The conservation Reserve Program (CRP) offers annual rental payments and cost-share assistance to establish approved cover on eligible cropland. To be eligible for placement in CRP, land must have been planted to an agricultural commodity 2 of the 5 most recent crop years.
Offers for CRP general sign-up contracts are ranked according to the Environmental Benefits Index (EBI). The EBI is used to rank land offered for enrollment in the CRP during a general sign-up. Scores are based on the expected environmental improvement in soil resources, water quality, wildlife habitat and other resource concerns during the time the land is to be enrolled in the program. Each offer submitted by a landowner is assigned a point score based on its relative environmental benefits, and is compared nationally with all other offers. Offers are accepted or rejected based on the resulting ranking.
Enrollment in general CRP occurs during sign-up periods. Sign-up periods may be announced at any time and usually last for a four-week period.
Continuous Sign-up CRP
For certain high-priority conservation practices yielding highly desirable environmental benefits, landowners may sign-up at any time, without waiting for an announced sign-up period. Unlike the general CRP program, sign-up for these special practices is open continuously, provided certain eligibility requirements are met acreage is not automatically accepted into the program at a per-acre rental rate.
The following practices are eligible for continuous CRP sign-up in Carver County:
Areas of grass, legumes and other non-woody vegetation that filter runoff and waste water by trapping sediment, pesticides, organic matter and other pollutants. Filter strips are planted on cropland at the edge of perennial streams, rivers or adjacent to bodies of water. The width and types of vegetation established in the filter area are determined by site conditions.
Shelter belts, Field Windbreaks, and Living Snow Fences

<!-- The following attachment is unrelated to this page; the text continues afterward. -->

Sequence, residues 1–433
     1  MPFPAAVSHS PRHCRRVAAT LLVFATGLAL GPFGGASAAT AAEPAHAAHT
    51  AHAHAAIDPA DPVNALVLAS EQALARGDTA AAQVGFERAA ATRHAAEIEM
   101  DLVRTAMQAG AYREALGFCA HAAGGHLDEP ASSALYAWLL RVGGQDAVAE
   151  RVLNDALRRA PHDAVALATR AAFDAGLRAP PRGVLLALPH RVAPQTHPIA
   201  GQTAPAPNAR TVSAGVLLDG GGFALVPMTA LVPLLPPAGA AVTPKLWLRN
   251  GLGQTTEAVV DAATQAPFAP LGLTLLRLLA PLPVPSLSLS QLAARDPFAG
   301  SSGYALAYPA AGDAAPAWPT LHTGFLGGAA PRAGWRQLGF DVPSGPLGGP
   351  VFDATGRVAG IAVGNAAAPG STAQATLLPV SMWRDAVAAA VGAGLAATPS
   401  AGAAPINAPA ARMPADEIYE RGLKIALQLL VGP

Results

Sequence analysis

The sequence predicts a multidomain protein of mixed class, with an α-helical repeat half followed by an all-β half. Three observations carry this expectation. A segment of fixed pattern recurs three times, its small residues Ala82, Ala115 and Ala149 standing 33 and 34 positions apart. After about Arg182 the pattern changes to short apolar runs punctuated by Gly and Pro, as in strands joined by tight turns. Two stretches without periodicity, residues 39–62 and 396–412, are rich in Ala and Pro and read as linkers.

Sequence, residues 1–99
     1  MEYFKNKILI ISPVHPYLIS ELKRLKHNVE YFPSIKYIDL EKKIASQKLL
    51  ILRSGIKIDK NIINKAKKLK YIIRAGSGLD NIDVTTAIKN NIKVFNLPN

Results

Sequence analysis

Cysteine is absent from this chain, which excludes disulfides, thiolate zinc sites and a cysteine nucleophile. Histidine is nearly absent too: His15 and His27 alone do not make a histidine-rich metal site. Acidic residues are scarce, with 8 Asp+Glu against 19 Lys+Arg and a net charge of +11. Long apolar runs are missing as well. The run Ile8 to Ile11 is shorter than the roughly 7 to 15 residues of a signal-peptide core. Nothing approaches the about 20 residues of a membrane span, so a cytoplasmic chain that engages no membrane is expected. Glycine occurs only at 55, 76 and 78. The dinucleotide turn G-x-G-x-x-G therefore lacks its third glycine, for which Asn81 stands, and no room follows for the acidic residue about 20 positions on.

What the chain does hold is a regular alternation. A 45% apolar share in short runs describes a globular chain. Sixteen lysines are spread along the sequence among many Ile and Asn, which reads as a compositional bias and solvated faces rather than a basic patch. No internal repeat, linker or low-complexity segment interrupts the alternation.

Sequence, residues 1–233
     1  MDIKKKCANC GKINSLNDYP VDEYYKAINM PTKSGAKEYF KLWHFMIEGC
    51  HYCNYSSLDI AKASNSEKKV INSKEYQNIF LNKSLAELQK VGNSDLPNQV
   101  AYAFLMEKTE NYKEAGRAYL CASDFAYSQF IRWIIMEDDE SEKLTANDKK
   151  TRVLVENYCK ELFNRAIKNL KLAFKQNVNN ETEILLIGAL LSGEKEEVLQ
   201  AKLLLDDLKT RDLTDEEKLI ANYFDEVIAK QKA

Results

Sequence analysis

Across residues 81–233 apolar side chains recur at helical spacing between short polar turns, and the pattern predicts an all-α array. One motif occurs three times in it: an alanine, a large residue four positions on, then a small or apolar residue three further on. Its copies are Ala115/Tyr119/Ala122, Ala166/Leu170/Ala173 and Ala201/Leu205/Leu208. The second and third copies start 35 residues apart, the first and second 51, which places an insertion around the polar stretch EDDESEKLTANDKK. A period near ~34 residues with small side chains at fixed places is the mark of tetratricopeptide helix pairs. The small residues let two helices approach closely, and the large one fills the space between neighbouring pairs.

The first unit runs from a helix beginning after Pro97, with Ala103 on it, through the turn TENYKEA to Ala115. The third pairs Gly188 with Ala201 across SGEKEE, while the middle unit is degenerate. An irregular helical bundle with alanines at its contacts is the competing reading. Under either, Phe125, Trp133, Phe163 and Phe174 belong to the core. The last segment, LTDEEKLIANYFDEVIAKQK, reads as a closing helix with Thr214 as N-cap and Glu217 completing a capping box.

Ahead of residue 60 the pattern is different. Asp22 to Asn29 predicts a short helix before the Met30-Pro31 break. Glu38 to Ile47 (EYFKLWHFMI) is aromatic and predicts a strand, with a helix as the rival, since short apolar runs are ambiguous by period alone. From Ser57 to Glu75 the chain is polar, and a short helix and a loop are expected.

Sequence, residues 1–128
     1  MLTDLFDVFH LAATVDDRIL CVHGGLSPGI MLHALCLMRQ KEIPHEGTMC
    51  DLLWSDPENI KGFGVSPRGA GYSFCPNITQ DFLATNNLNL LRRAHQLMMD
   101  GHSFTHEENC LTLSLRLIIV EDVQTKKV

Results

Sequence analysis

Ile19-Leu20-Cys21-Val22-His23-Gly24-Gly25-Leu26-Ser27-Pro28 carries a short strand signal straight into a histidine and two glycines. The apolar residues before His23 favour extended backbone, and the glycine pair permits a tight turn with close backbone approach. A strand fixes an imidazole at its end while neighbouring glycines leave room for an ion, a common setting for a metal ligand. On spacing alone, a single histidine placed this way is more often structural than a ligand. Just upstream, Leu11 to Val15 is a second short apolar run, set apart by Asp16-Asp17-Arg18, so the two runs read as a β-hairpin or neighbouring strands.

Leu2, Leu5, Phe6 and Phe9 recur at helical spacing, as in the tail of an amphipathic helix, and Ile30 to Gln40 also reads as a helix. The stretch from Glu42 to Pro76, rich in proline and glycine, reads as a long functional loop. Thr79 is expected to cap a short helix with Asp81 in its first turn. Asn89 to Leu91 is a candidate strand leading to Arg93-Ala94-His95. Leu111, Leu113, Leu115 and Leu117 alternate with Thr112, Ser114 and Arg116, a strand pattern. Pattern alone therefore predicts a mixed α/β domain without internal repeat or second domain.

Belts of trees or shrubs are planted in single or multiple rows. Such tree rows and hedges reduce wind erosion, improve air, and provide food and shelter for wildlife. They can also shelter structures and livestock. Field windbreaks prevent wind erosion. Living snow fences provide similar benefits, but are specifically located to manage snow.
Channels, either natural or constructed, that are planted with suitable vegetation to protect soil from erosion. Grass waterways help heal gullies and washouts and greatly reduce loss of topsoil and the sedimentation of streams, ponds, and lakes.
Areas of trees and/or shrubs next to ponds, lakes and streams that filter out pollutants from runoff as well as providing food and shelter for wildlife.
Shallow water areas for wildlife
Small areas whose purpose is providing cover and a water source for wildlife. Water is impounded and surrounded by a small area planted with permanent cover.
Landowners interested in either the general CRP sign-up, or the continuous sign-up should contact the USDA Natural Resources Conservation Service (NRCS) or the Farm Service Agency (FSA) office.
Natural Resources Conservation Service
219 East Frontage Road | Waconia, MN 55387 | Phone: (952) 442-2106 Extension 3
Farm Service Agency
219 East Frontage Road | Waconia, MN 55387 | Phone: (952) 442-2106 Extension 2